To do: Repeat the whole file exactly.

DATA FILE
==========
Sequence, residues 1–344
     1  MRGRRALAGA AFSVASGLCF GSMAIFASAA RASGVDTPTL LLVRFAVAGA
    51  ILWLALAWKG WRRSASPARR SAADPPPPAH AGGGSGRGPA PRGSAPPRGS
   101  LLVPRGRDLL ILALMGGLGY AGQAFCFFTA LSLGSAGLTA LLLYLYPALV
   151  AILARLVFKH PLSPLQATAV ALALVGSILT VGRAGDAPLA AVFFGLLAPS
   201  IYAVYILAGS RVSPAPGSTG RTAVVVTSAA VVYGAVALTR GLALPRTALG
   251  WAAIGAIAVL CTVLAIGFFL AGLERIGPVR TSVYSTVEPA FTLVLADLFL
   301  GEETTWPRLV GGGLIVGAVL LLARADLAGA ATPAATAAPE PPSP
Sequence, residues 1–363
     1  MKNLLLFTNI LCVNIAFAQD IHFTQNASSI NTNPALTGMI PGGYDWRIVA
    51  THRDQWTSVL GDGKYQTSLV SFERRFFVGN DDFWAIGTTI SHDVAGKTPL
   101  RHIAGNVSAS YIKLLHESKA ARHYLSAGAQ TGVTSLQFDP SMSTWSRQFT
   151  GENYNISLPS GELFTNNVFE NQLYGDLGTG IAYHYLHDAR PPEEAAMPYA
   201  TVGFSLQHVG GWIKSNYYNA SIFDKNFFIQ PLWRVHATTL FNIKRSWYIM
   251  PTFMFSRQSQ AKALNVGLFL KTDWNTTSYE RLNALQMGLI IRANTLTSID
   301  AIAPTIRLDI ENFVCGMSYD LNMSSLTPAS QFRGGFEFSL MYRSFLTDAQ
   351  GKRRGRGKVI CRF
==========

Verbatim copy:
Sequence, residues 1–344
     1  MRGRRALAGA AFSVASGLCF GSMAIFASAA RASGVDTPTL LLVRFAVAGA
    51  ILWLALAWKG WRRSASPARR SAADPPPPAH AGGGSGRGPA PRGSAPPRGS
   101  LLVPRGRDLL ILALMGGLGY AGQAFCFFTA LSLGSAGLTA LLLYLYPALV
   151  AILARLVFKH PLSPLQATAV ALALVGSILT VGRAGDAPLA AVFFGLLAPS
   201  IYAVYILAGS RVSPAPGSTG RTAVVVTSAA VVYGAVALTR GLALPRTALG
   251  WAAIGAIAVL CTVLAIGFFL AGLERIGPVR TSVYSTVEPA FTLVLADLFL
   301  GEETTWPRLV GGGLIVGAVL LLARADLAGA ATPAATAAPE PPSP
Sequence, residues 1–363
     1  MKNLLLFTNI LCVNIAFAQD IHFTQNASSI NTNPALTGMI PGGYDWRIVA
    51  THRDQWTSVL GDGKYQTSLV SFERRFFVGN DDFWAIGTTI SHDVAGKTPL
   101  RHIAGNVSAS YIKLLHESKA ARHYLSAGAQ TGVTSLQFDP SMSTWSRQFT
   151  GENYNISLPS GELFTNNVFE NQLYGDLGTG IAYHYLHDAR PPEEAAMPYA
   201  TVGFSLQHVG GWIKSNYYNA SIFDKNFFIQ PLWRVHATTL FNIKRSWYIM
   251  PTFMFSRQSQ AKALNVGLFL KTDWNTTSYE RLNALQMGLI IRANTLTSID
   301  AIAPTIRLDI ENFVCGMSYD LNMSSLTPAS QFRGGFEFSL MYRSFLTDAQ
   351  GKRRGRGKVI CRF